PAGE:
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Ecotechnology is an applied science that seeks to fulfill human needs while causing minimal ecological disruption, by harnessing and manipulating natural forces to leverage their beneficial effects. Ecotechnology integrates two fields of study: the 'ecology of technics' and the 'technics of ecology,' requiring an understanding of the structures and processes of ecosystems and societies. All sustainable engineering that can reduce damage to ecosystems, adopt ecology as a fundamental basis, and ensure conservation of biodiversity and sustainable development may be considered as forms of ecotechnology.

Ecotechnology emphasizes approaching a problem from a holistic point of view. For example, remediation of rivers should not only consider one single area. Rather, the whole catchment area, which includes the upstream, middle stream and downstream sections, should be considered.

Construction can reduce its impact on nature by consulting experts on the environment.

Sustainable development requires the implementation of environmentally friendly technologies which are both efficient and adapted to local conditions. Ecotechnology allows improvement in economic performance while minimizing harm to the environment by:[1]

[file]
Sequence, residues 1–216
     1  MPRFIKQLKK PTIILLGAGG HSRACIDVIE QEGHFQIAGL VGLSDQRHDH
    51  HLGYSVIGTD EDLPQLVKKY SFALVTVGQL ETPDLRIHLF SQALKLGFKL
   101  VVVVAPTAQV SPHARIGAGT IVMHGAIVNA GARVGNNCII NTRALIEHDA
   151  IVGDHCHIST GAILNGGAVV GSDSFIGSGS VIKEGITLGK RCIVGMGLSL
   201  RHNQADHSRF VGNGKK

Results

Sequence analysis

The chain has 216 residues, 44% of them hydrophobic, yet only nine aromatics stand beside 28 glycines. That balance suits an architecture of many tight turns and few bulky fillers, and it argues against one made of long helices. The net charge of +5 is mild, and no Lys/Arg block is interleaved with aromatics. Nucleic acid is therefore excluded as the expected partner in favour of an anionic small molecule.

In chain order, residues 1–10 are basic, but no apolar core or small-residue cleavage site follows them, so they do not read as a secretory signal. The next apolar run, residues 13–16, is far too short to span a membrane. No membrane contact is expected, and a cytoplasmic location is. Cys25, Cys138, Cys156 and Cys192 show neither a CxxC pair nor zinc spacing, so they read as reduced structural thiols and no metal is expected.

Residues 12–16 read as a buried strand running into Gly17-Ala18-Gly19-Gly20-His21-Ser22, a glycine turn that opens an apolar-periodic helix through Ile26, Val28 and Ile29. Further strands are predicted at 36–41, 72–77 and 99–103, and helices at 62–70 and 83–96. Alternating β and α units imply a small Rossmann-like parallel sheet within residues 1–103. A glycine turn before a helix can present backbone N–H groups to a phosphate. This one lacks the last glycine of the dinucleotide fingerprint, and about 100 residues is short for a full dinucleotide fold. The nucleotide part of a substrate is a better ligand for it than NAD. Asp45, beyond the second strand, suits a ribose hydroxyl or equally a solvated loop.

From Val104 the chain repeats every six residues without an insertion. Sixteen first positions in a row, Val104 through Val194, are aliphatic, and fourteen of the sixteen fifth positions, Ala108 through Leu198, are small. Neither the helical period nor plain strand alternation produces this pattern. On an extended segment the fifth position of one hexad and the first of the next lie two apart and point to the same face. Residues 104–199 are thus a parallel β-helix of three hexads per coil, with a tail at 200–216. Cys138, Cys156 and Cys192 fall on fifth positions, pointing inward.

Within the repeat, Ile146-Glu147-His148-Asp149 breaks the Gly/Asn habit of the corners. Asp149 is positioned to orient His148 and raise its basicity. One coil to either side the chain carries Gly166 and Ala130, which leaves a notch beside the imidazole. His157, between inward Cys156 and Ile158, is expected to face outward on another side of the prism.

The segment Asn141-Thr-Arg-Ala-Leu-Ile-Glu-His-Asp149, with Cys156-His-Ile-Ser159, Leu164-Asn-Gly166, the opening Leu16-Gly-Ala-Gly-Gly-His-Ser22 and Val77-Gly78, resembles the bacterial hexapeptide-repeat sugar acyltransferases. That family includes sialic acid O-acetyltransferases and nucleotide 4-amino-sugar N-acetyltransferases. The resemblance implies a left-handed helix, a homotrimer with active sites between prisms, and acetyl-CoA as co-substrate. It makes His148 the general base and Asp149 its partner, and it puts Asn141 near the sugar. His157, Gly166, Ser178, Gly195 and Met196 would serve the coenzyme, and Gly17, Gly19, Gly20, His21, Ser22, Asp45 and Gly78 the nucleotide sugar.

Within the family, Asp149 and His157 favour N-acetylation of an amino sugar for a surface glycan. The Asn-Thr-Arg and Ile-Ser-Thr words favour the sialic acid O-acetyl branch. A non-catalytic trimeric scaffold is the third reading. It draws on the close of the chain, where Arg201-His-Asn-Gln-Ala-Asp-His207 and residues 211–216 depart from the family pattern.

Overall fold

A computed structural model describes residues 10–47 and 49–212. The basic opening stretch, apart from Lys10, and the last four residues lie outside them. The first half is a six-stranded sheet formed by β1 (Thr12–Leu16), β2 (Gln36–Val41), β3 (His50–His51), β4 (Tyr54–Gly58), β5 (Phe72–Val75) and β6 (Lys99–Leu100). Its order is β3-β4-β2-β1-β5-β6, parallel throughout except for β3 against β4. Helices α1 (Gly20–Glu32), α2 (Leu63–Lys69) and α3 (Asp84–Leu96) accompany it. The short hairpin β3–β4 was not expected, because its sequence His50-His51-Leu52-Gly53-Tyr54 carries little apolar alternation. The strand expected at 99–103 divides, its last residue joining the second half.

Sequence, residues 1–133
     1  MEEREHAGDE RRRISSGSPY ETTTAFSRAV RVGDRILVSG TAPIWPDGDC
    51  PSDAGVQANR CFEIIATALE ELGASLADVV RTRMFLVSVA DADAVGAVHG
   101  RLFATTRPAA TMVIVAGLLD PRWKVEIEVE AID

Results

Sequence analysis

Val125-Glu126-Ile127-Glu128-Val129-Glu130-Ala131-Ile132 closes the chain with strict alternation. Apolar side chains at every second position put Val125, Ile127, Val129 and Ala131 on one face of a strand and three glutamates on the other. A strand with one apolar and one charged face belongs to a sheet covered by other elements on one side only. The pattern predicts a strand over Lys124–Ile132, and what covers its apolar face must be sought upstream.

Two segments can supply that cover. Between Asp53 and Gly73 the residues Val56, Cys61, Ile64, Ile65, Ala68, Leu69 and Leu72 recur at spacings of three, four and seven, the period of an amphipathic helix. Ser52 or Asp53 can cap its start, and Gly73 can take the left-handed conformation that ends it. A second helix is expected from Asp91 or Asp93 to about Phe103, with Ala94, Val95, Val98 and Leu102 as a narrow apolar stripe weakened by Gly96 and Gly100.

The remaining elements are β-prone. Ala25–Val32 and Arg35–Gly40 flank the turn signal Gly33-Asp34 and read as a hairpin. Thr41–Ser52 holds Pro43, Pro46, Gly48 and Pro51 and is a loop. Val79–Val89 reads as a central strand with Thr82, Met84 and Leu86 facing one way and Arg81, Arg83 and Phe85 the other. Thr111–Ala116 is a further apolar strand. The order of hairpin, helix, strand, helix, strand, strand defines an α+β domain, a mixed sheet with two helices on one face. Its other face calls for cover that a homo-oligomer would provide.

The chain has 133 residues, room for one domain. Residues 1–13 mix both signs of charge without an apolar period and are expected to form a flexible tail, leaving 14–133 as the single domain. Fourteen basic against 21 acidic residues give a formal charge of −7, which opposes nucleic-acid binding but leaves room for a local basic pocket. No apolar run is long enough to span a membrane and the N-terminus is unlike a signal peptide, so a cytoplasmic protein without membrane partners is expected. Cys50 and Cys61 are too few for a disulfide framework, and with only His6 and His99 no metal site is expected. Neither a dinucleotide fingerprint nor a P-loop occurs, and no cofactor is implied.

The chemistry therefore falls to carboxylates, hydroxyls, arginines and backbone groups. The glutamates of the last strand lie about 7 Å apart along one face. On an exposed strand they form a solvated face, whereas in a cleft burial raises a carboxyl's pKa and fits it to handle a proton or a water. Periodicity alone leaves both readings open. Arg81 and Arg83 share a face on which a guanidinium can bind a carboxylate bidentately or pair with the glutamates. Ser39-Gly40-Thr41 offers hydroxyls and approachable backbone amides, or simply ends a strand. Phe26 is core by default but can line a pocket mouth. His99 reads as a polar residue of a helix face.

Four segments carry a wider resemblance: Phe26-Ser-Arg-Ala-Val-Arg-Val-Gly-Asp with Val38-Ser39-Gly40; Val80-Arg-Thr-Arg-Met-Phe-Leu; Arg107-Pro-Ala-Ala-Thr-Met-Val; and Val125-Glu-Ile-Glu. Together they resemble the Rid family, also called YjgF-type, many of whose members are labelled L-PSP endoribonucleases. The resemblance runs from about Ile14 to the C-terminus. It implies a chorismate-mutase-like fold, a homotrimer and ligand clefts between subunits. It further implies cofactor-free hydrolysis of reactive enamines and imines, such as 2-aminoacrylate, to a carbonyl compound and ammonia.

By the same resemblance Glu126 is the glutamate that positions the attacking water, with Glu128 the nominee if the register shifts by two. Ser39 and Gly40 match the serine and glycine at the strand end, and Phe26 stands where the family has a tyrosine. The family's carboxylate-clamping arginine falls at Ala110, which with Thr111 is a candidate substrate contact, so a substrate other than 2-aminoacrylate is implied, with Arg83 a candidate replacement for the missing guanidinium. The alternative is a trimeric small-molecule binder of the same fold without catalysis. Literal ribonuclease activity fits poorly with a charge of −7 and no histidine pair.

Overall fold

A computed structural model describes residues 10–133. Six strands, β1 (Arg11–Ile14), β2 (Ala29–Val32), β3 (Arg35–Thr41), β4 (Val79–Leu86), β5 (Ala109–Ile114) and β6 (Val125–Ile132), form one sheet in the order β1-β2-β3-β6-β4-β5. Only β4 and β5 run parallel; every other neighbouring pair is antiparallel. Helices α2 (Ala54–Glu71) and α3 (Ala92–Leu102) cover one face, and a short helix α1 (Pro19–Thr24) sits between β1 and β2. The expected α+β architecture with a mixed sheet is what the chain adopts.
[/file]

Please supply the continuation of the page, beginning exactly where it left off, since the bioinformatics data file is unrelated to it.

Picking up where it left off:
• increasing the efficiency in the selection and use of materials and energy sources
  • control of impacts on ecosystems
  • development and permanent improvement of cleaner processes and products
  • eco-marketing
  • introducing environmental management systems in the production and services sectors
  • development of activities for increasing awareness of the need for environmental protection and promotion of sustainable development by the general public

During Ecotechnics '95 - International Symposium on Ecological Engineering in Östersund, Sweden, the participants agreed on the definition: "Ecotechnics is defined as the method of designing future societies within ecological frames."

See also[edit]


  1. ^ Summers, Max. "Eco-Friendly IT Solutions that Minimise Environmental Damage and Save Natural Resources". Magora. Retrieved 17 July 2017.

Further reading[edit]

  • Allenby, B.R., and D.J. Richards (1994), The Greening of Industrial Ecosystems. National Academy Press, Washington, DC.
  • Braungart, M., and W. McDonough (2002). Cradle to Cradle: Remaking the Way We Make Things. North Point Press, ISBN 0865475873.
  • Huesemann, Michael H., and Joyce A. Huesemann (2011). Technofix: Why Technology Won't Save Us or the Environment, Chapter 13, "The Design of Environmentally Sustainable and Appropriate Technologies", New Society Publishers, Gabriola Island, British Columbia, Canada, ISBN 0865717044, 464 pp.
  • Von Weizsacker, E.U., C. Hargroves, M.H. Smith, C. Desha, and P. Stasinopoulos (2009). Factor Five: Transforming the Global Economy through 80% Improvements in Resource Productivity, Routledge.

External links[edit]